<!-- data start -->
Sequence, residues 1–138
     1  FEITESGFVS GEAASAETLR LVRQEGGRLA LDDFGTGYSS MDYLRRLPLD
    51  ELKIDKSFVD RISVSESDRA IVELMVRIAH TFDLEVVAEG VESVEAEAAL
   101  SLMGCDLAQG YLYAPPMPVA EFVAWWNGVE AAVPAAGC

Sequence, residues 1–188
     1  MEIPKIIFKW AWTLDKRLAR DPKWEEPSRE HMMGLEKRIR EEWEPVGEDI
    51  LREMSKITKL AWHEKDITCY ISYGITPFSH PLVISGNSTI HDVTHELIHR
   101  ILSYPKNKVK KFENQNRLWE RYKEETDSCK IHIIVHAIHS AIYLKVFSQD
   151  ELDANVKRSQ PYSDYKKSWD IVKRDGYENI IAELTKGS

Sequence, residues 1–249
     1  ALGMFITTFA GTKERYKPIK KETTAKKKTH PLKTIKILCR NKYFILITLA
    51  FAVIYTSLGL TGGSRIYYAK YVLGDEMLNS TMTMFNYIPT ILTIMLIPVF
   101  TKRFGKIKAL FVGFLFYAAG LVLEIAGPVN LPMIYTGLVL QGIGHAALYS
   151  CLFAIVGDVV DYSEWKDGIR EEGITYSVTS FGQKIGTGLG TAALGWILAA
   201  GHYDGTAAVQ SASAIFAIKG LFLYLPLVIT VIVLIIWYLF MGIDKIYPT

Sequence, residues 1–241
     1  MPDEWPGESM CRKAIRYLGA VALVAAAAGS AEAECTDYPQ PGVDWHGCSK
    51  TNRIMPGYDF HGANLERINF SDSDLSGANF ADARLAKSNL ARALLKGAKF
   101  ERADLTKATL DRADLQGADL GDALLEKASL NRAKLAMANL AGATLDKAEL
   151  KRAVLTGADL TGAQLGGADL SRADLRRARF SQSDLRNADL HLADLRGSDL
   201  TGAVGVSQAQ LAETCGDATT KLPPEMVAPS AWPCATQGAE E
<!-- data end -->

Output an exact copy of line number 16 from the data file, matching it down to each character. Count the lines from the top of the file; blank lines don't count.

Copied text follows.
Sequence, residues 1–241